At its annual awards show — one of the final bellwethers of what has been an unusually unpredictable awards season — the Writers Guild of America threw a couple of final curveballs, honoring a pair of indies that have generally gotten less attention in the Oscar horse race than their bigger, flashier competitors: the coming-of-age film “Eighth Grade” and the dramedy “Can You Ever Forgive Me?”
“Eighth Grade” — which was entirely overlooked by academy voters but is up for four prizes at the upcoming Film Independent Spirit Awards, including best feature — picked up the award for original screenplay, beating out best picture Oscar nominees “Green Book,” “Roma” and “Vice” as well as the horror hit “A Quiet Place.” The last film to win the guild’s prize for original screenplay without being up for the Oscar was Michael Moore’s 2002 documentary “Bowling for Columbine.”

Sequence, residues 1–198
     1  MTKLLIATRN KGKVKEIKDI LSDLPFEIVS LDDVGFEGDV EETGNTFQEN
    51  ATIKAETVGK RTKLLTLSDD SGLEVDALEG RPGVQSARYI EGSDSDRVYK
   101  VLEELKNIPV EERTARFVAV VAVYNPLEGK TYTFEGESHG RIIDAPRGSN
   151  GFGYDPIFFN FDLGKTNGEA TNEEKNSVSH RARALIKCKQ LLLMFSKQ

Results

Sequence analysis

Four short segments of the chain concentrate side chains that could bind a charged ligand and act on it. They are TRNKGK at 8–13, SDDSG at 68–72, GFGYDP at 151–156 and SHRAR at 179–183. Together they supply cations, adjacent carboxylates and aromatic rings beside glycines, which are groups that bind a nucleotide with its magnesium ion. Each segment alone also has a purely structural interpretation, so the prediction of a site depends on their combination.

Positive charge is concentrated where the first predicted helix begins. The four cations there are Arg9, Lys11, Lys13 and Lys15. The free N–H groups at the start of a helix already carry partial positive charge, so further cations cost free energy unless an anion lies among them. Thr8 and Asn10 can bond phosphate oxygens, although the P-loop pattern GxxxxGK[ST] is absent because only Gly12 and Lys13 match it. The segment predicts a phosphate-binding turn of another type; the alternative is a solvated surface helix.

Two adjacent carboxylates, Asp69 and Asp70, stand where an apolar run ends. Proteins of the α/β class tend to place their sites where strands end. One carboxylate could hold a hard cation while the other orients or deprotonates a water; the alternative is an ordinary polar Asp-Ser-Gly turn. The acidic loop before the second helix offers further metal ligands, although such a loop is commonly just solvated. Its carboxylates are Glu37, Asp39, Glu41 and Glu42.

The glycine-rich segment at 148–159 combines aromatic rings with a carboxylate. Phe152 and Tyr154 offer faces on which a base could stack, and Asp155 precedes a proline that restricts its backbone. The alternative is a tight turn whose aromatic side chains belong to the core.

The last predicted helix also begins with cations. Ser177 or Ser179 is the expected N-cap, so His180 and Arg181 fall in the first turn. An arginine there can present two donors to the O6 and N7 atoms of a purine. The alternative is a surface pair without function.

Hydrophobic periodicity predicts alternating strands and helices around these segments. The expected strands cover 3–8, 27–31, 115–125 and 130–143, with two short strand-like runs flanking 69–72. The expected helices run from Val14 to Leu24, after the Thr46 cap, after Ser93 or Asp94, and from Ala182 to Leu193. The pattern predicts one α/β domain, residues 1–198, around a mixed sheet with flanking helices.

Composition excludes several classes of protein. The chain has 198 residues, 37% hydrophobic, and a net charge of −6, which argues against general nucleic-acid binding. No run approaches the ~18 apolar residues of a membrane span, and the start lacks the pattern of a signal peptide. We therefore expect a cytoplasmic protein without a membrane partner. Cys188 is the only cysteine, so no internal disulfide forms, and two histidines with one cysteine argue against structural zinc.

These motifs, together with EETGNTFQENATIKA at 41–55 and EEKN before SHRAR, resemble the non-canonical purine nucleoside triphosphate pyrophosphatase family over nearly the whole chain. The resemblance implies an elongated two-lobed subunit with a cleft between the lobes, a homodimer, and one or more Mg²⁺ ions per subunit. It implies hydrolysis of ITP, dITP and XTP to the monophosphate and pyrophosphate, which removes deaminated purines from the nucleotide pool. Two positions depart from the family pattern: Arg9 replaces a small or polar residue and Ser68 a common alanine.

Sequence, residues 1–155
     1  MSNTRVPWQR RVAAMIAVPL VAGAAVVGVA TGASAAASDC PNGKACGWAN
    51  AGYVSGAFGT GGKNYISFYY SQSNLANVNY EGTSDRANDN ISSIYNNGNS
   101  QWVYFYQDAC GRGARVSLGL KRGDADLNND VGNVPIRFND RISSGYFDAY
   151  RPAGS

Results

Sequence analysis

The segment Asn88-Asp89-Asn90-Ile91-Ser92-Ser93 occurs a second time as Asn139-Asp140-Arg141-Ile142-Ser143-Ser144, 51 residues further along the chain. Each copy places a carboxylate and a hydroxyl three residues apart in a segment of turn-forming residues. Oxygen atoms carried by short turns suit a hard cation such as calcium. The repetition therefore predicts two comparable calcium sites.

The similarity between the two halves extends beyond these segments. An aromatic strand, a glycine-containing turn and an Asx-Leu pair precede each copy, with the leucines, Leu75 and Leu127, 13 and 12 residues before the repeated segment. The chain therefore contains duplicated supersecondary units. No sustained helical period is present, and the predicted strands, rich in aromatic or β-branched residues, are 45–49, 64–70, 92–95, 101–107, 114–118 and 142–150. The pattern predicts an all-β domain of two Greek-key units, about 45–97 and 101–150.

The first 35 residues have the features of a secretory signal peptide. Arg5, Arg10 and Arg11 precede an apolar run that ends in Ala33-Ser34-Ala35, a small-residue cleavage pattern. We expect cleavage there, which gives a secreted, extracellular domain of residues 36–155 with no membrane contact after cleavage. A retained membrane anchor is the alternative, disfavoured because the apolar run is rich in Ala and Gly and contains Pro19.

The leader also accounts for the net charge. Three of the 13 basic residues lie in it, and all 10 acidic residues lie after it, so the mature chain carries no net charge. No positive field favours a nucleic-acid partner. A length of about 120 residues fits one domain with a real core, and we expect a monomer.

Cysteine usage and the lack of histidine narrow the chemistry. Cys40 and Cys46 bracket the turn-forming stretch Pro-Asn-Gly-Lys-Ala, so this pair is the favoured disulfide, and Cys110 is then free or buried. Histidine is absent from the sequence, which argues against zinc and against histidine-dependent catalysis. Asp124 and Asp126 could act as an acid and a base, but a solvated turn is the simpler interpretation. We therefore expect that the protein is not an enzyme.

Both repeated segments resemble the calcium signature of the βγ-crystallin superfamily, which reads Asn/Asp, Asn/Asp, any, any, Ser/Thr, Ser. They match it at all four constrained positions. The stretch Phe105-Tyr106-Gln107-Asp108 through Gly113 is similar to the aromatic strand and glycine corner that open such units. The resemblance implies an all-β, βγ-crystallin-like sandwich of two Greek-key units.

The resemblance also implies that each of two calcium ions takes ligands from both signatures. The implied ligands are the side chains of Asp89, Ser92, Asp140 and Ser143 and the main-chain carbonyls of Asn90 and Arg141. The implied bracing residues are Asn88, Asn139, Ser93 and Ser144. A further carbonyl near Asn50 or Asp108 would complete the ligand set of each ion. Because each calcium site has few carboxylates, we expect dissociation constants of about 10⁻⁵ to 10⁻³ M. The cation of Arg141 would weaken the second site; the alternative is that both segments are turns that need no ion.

Taking the stage at The Beverly Hilton Hotel to accept the award, “Eighth Grade” writer-director Bo Burnham — who picked up the prize for best first-time feature film director at the Directors Guild Awards earlier this month — seemed genuinely stunned that his small-scale debut feature had emerged victorious over such a strong field, saying he hadn’t prepared a speech.
In the adapted screenplay category, “Can You Ever Forgive Me?” — the story of literary forger Lee Israel — won out over “BlacKkKlansman,” “Black Panther,” “If Beale Street Could Talk” and “A Star Is Born.”
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